Ghost marina

<  Ghost marina

Who doesn’t love the lonely emptiness of a ghost town? From nautical periodical Sail World:

At first it just appears like an old fashioned building – long and low with wide verandahs, cool looking for the tropics. Then you start to notice other things around this marina – similar buildings on the skyline, weedy bitumen roads into the rain forest, ancient fire hydrants – and you start to realise that you have arrived in some kind of a ghost town. Asking questions, you find it’s not an ordinary, or even small ghost town, but an immense, wilting military city, a leftover from the US presence in Panama.

In our Peterson 46 Blackwattle we have arrived in the ‘new’ marina called Shelter Bay, just opened a few months ago on the far side of the Panama Canal from the city of Colon.


In the empty air it’s easy to imagine lines of soldiers here, snapped to attention, whiffs of diesel as the jeeps roll by – basketball being played in off times, jungles runs in the morning, the clatter of the mess rooms. The rain forest has been cleared for the buildings, replaced by rolling lawns, now tall and weedy among the remaining palm trees.. Back in the marina we’ve heard tales of jungle training in the thick forest. But now, as the forest reclaims its own, the monkeys are taking over, yelping to each other, and making impossibly long leaps high above us through the undergrowth. The chorus of birdcalls sways back and forth over our heads as we walk. We’re glad for them, these returning inhabitants.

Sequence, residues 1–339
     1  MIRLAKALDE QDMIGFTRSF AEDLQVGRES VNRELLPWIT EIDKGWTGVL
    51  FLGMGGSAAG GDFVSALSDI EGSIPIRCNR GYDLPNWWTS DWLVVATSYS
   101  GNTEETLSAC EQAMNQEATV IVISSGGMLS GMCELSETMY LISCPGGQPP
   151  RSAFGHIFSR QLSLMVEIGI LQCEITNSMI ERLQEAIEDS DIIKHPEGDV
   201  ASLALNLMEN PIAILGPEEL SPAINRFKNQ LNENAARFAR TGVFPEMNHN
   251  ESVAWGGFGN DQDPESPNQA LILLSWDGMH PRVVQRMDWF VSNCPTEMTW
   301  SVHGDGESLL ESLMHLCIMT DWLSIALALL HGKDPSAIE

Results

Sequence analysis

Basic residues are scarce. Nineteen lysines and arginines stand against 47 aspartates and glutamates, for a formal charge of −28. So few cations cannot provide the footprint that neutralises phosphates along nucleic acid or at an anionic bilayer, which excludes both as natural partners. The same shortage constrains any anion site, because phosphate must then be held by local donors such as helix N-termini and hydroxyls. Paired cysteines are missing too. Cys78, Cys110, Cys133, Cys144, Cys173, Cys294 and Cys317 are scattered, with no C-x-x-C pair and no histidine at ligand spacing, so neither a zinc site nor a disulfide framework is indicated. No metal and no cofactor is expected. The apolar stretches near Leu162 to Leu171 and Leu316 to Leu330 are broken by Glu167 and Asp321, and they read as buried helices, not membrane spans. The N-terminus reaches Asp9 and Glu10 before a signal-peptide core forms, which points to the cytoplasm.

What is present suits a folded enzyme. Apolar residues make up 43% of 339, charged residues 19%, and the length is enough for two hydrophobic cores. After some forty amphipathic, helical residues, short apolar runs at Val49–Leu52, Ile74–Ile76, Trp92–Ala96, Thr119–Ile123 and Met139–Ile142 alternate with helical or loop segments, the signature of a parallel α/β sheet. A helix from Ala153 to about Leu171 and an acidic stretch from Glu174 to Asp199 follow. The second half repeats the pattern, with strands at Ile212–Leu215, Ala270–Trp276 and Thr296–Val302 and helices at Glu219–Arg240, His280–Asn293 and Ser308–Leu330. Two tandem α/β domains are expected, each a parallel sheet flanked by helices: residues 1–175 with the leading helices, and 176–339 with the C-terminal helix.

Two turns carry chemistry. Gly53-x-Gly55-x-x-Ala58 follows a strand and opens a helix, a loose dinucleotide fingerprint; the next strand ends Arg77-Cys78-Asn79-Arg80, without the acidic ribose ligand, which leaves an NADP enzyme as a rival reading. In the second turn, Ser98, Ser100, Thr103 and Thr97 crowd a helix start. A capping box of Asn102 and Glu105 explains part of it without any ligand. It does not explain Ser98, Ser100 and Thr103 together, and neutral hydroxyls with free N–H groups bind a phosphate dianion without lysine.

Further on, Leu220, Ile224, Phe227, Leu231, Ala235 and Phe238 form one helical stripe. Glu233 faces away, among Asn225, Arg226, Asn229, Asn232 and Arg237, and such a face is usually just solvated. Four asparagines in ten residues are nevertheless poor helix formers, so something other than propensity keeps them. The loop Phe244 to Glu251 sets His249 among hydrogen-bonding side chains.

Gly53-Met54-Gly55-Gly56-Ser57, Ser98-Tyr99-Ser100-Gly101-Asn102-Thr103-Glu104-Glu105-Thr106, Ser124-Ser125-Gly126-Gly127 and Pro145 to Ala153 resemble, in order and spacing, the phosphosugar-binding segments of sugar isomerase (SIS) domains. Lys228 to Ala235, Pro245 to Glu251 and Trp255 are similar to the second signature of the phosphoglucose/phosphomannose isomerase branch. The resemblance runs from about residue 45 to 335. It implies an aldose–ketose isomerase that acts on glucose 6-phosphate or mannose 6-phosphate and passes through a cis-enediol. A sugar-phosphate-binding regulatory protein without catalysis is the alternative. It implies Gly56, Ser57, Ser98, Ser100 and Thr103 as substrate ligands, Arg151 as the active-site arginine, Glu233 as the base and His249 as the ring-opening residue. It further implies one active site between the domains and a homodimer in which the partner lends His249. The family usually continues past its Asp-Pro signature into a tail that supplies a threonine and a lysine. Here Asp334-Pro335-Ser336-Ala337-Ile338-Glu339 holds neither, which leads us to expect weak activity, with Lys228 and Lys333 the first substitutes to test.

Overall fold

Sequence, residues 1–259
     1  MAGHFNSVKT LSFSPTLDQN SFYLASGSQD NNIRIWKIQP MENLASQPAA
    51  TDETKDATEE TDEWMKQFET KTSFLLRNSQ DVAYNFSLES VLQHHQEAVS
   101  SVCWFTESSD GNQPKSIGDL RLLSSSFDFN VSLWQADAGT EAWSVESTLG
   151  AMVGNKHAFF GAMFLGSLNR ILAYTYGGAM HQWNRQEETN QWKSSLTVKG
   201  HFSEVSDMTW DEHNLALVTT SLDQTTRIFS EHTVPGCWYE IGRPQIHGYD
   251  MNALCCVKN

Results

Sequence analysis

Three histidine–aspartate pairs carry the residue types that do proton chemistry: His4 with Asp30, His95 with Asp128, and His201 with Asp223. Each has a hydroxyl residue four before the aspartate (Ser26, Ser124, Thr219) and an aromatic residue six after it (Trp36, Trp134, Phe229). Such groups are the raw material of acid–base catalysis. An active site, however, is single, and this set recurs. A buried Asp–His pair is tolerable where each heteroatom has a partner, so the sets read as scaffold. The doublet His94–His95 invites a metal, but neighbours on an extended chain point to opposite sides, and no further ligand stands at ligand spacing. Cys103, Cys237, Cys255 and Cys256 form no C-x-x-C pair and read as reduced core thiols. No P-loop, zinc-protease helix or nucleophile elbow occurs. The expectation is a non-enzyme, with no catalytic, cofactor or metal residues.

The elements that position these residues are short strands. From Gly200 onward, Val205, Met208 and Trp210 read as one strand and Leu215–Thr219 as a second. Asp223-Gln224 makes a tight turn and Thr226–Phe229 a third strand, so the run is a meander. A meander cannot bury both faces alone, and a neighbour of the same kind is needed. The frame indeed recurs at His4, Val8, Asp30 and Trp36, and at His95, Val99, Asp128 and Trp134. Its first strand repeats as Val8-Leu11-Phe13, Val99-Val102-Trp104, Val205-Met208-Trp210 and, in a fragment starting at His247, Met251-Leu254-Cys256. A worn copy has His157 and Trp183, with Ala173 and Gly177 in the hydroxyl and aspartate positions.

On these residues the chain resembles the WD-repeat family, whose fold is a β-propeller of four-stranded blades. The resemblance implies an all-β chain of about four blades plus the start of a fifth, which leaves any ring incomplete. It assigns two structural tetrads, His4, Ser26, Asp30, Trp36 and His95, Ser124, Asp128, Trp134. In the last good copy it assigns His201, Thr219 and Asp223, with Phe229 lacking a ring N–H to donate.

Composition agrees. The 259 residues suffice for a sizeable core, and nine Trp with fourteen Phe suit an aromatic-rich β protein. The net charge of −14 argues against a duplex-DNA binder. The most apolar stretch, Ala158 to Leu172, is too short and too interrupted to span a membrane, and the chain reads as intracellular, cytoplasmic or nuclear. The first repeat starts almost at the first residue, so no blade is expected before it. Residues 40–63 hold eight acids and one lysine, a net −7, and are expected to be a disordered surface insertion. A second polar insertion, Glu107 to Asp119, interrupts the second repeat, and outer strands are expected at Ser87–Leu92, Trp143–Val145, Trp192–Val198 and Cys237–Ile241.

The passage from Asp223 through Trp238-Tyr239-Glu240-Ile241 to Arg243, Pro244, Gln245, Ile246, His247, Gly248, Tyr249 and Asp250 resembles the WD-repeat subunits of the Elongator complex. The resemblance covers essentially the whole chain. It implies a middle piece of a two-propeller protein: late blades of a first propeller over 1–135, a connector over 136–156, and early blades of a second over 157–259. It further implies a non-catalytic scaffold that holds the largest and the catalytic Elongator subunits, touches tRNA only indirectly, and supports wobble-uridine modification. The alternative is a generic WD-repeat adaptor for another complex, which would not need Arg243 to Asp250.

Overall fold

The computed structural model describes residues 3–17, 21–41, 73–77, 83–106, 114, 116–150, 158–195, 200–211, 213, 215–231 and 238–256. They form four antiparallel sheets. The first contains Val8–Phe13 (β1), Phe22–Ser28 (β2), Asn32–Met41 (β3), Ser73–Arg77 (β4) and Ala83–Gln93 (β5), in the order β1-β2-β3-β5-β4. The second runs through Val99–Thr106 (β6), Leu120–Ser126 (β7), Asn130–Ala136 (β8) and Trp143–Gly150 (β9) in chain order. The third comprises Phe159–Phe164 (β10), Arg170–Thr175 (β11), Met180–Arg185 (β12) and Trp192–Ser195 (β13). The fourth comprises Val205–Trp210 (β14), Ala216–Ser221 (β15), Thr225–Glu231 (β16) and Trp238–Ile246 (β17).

But then we take a car, and just 10 minutes and hundreds of years away visit another ghost – the ancient fort of San Lorenzo that guarded the legendary gold of the Chagres River. The Spanish built it around 1600, but over the centuries were given a very hard time by the English, who kept attacking and destroying it. That loved vile pirate Henry Morgan did a thorough job of it – he captured it, used it to sack Panama City, then blew it totally before making off with the gold. They built it again, but then the English Admiral Vernon took it again just 80 years later. The ruined structure that we roam was built yet again in 1750.

Go read all of it. Sounds like a great setting for a story.

Posted in Nature, red in tooth and claw, Pirates ~ You can follow any responses to this entry through the RSS 2.0 feed. You can leave a response, or trackback from your own site.

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